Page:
On this Father’s Day, Batman reflects on his dearly departed dad.
Batman: Sometimes, at this time of year, I imagine what it would be like if my own father was still alive. He was a pillar of the community, a model of upstanding decorum. A physician who dedicated his life to making people well and a pacifist who abhorred violence. By day, I pretend to be an obnoxious cad. By night, I dress up as a giant bat and beat people to a bloody pulp. I like to think Dad would be proud. But sometimes I worry that I’m just fooling myself. I look back over what I’ve written, and it seems to me there’s an obvious problem, an insurmountable obstacle that would stand between us were he with me today.
And that is, of course, that my father was never a big fan of bats. Not that he hated them or anything. He just thought of them as tiny, pretty-much-harmless nocturnal creatures that never really had much to do with his life. He… he didn’t think bats were cool. And that thought haunts me. Because otherwise, I think we’d be on the same page. But that bat thing… I don’t know…
Bill: This week I read:
Song of the Deep by Brian Hastings, a solid MG story focusing on the quest by 12-year-old Merryn to find her lost-under-the-sea father
The Invisible Library by Genevieve Cogman, which had a great premise but which sorely disappointed in its execution (this is one of the few times Marion and I have greatly disagreed on a title)
Articulating Dinosaurs by Brian Noble, a book which was far more dense with regard to critical theory than I’d expected, though I still enjoyed its look at dinosaurs in the context of culture/society
Kate: I have been re-reading Kraken, by China Mieville, as inspiration/instruction for the novel I’m writing right now, which also has to do with weird animals and the weirder humans-who-worship-them. One thing I’m noticing is how good Mieville is at subtlety and naturalism in dialogue–saying it without saying it. I’m also noticing how much dialect matters. On my first read-through, the London dialect of many of Mieville’s characters left me a little mystified. A lot of slang and British-isms are used, and if you think reading Harry Potter will have prepped you for this, you’re probably wrong. Now that I know what’s happening, I’m able to enjoy these moments of linguistic difference rather than feeling shut out by them. I’ve also been reading The Long Utopia, the last installment in Stephen Baxter and Terry Pratchett‘s THE LONG EARTH series. All I can say is, it’s not as egregiously bad as some of the others.
Skye: Prompted by Tadiana’s Short Fiction Monday column I have found myself reading an awful lot of short fiction lately. Since my last visit to the Sunday Status Update I finished reading The Black Lung Captain by Chris Wooding and Red Glove by Holly Black. I’ve also been chipping away at a few reviews I have had on the back burner for a looooooooooooooooooooooooooong time, which means those will make it to the blog sooner rather than later (and one of them is a comic review)! My spring has been full of many family gatherings, which aren’t particularly conducive to reading. I’m hoping to get 2-4 more of the reviews floating around on my computer done within the next couple of days. This summer will be another (and probably the last) that I will be spending away from an internet connection. This time around I do have a data plan on my phone, so you’ll at least see me on twitter sometimes!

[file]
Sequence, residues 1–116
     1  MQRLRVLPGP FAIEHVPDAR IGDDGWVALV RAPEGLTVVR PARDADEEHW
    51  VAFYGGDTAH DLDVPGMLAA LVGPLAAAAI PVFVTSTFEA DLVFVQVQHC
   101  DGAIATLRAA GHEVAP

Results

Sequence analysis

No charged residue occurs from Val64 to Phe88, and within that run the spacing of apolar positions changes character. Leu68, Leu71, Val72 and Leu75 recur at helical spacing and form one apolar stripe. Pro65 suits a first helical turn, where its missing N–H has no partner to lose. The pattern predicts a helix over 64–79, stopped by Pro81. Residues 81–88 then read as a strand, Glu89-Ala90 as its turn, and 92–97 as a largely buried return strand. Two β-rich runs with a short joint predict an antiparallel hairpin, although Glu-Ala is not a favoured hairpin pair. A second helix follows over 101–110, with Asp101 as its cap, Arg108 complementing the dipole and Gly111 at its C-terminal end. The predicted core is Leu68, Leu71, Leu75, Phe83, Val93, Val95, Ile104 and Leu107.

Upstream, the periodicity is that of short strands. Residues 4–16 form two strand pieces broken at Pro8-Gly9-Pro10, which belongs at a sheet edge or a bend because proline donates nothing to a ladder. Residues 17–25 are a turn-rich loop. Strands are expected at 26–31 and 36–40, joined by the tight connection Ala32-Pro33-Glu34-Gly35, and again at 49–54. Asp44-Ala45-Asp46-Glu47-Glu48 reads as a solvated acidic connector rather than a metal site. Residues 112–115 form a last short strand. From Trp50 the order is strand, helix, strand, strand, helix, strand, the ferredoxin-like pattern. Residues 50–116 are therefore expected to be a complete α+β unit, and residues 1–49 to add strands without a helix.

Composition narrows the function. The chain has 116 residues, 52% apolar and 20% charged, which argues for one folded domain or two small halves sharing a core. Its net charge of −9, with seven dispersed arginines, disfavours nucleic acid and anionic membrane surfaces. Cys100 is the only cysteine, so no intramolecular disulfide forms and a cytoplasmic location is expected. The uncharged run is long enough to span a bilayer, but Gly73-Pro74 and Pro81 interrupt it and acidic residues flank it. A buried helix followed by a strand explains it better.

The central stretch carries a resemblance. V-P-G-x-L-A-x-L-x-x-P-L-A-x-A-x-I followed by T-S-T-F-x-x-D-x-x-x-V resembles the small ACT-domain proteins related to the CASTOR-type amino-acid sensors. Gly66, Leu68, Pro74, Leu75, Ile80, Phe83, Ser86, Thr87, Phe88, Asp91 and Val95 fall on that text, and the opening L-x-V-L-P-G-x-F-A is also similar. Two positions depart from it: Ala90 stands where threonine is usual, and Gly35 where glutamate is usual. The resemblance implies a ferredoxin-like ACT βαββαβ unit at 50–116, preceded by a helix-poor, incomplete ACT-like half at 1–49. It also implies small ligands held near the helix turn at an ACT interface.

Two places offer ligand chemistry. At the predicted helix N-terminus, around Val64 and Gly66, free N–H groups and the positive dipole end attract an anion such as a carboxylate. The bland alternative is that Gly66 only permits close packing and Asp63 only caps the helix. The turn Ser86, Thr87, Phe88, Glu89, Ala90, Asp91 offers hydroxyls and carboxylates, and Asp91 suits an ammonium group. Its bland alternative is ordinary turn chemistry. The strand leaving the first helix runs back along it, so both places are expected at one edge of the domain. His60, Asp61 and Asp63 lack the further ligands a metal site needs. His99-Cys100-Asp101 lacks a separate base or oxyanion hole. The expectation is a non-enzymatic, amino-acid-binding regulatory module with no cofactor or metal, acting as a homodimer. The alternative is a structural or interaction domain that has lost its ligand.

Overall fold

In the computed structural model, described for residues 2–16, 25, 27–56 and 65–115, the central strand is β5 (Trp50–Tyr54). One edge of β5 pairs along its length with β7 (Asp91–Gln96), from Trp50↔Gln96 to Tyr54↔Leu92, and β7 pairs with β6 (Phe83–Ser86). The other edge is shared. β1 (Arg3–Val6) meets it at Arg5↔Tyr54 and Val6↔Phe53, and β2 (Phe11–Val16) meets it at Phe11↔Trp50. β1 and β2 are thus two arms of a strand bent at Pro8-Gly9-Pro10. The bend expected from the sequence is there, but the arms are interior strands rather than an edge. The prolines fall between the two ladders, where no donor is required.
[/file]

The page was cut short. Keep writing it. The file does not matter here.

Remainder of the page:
Tadiana: In the last couple of weeks I’ve read two different retellings of the Beauty and the Beast tale: Bryony and Roses by T. Kingfisher (aka Ursula Vernon), a fairly traditional retelling, and A Court of Thorn and Roses by Sarah J. Maas, which segued midstream into more of a Tam Lin type of story, romance with a grim bite to it. I also read Infomocracy by Malka Ann Older, a flawed but ambitious SF novel of political intrigue in the latter part of the 21st century, when most of the world has adopted a form of government called micro-democracy. In the non-SFF realm, I read Ross Poldark by Winston Graham, a historical novel set in late 18th century Cornwall that has spawned two television miniseries. I’m currently reading Before the Fall by Noah Hawley and a collection of short stories by Irwin Shaw.
Tim: I’ve been continuing with Swordspoint by Ellen Kushner and enjoying it this week. I also began reading Jim McDoniel’s An Unattractive Vampire on recommendation from a friend, and so far it’s pretty fun. Good to see the Count Orlok types getting some love again, even if it’s only after the vampire craze has mostly run its course. Finally, I’ve continued listening to the lectures on the crusades. So far, I feel as though I’m actually less clear on why this happened. Even the people of the time (those who weren’t actually crusading, that is) seem to have been totally befuddled.
Hi, Kate! Hi, Skye! **waves madly**
Wow, leave me out? Way to hurt my feelings. I’m still enjoying Bandersnatch, Diana Pavlac Glyer’s study of the Inklings as a writers group. I started The Body Keeps the Score, by Dr. Bessel van der Kolk, about the brain’s reaction to trauma, and to lighten the mood a little I’m also reading Sarah Vowel’s Lafayette in the Somewhat United States. It was fun to be reading that while watching Hamilton win eleven Tony Awards. While I was on vacation I devoured Jennifer Cogman’s The Invisible Library, and a review will follow.
Sorry, Marion! Are you sure you sent the e-mail? I can’t find it.
Yes, I’m sure. No need for me to re-send it since I just copied and pasted it into my comment.